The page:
Gaps don’t faze Ashley Fick, human resources director at Nothum Food Processing Systems. She’s hired some 60 new employees since December and is still looking to hire 30 more.

“I think there are a lot of things that can go into that. We don’t shy away from calling those applicants,” she said.

Fick said it is important that the applicant’s dormant periods not be times of complete inaction.

“It’s important that the individual was still doing something,” she said. “Taking care of the family is a viable reason for not working – or taking care of personal wellness.”

Extended gaps can become a barrier in highly technical jobs, like some of those at Nothum, Fick said.

“The challenge is skills getting rusty,” she said, noting that’s one reason that a skills assessment is part of the hiring process. “Some of those skills not being up to date might be the biggest hindrance in manufacturing, where so many of the jobs are skills related.”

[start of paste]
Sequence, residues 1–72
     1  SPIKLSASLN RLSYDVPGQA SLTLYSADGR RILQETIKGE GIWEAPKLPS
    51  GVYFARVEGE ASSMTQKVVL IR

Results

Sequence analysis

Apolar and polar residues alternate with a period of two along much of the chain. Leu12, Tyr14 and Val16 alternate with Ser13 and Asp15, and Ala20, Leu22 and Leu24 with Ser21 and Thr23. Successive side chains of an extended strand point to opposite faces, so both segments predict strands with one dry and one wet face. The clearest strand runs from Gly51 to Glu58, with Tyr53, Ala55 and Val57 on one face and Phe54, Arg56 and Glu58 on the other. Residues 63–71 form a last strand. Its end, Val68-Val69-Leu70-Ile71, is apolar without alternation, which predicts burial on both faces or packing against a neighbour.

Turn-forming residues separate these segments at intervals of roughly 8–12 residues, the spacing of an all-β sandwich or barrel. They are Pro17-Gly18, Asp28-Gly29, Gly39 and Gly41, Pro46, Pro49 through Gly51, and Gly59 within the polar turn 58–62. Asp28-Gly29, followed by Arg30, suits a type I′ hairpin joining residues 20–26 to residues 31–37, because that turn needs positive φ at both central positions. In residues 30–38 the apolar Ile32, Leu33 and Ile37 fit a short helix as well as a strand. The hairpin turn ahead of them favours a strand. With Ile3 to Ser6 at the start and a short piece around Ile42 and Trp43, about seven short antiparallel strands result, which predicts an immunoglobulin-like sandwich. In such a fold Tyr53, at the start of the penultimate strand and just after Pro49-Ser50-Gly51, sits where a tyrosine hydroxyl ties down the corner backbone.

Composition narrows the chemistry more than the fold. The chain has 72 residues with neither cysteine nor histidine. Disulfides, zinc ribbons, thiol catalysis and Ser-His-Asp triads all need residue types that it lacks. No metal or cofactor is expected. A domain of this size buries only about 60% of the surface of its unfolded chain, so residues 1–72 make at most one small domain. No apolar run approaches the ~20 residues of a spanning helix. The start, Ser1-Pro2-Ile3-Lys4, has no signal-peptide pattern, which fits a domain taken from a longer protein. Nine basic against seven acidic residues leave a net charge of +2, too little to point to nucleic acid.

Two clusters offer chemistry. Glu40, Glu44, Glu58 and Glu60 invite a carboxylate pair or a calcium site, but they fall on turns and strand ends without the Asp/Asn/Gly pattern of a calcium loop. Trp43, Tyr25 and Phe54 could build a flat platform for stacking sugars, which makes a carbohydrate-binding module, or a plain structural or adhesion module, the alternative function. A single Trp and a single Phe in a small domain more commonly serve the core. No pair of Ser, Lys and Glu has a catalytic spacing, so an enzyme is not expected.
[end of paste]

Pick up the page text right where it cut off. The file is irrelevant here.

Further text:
Sara Coatney, talent acquisition specialist at Guaranty Bank, said today there is undoubtedly a more open and flexible attitude regarding resume interruptions.

“It’s not just an immediate deal-breaker,” Coatney said. “The gaps are so much more prevalent in everybody that we see. I think we’re more open to having a conversation and exploring why the gap is there and what was happening during that time – in taking time to truly get to know the person.”

Coatney added that much has changed in the human resources profession over time, and not only with work interruptions, but with longevity in positions, which used to be seen as reflecting employee loyalty.

“It was expected that you put in your time and stay forever with a company,” Coatney said. “Now, I think that people have higher expectations of their employers. They’ll put in some time, but at a certain point, they’re willing to branch out and try something new.”

She said this is a positive change in the perspectives of both employers and their professionals.

“How many of us have tried something out and discovered that it doesn’t really fulfill us like we thought it would or this isn’t the position I thought it would be? If we stay, we’re not really doing ourselves or the business any favors, because at the end of the day, the disengaged employee can quickly become toxic in the wrong environment,” she said.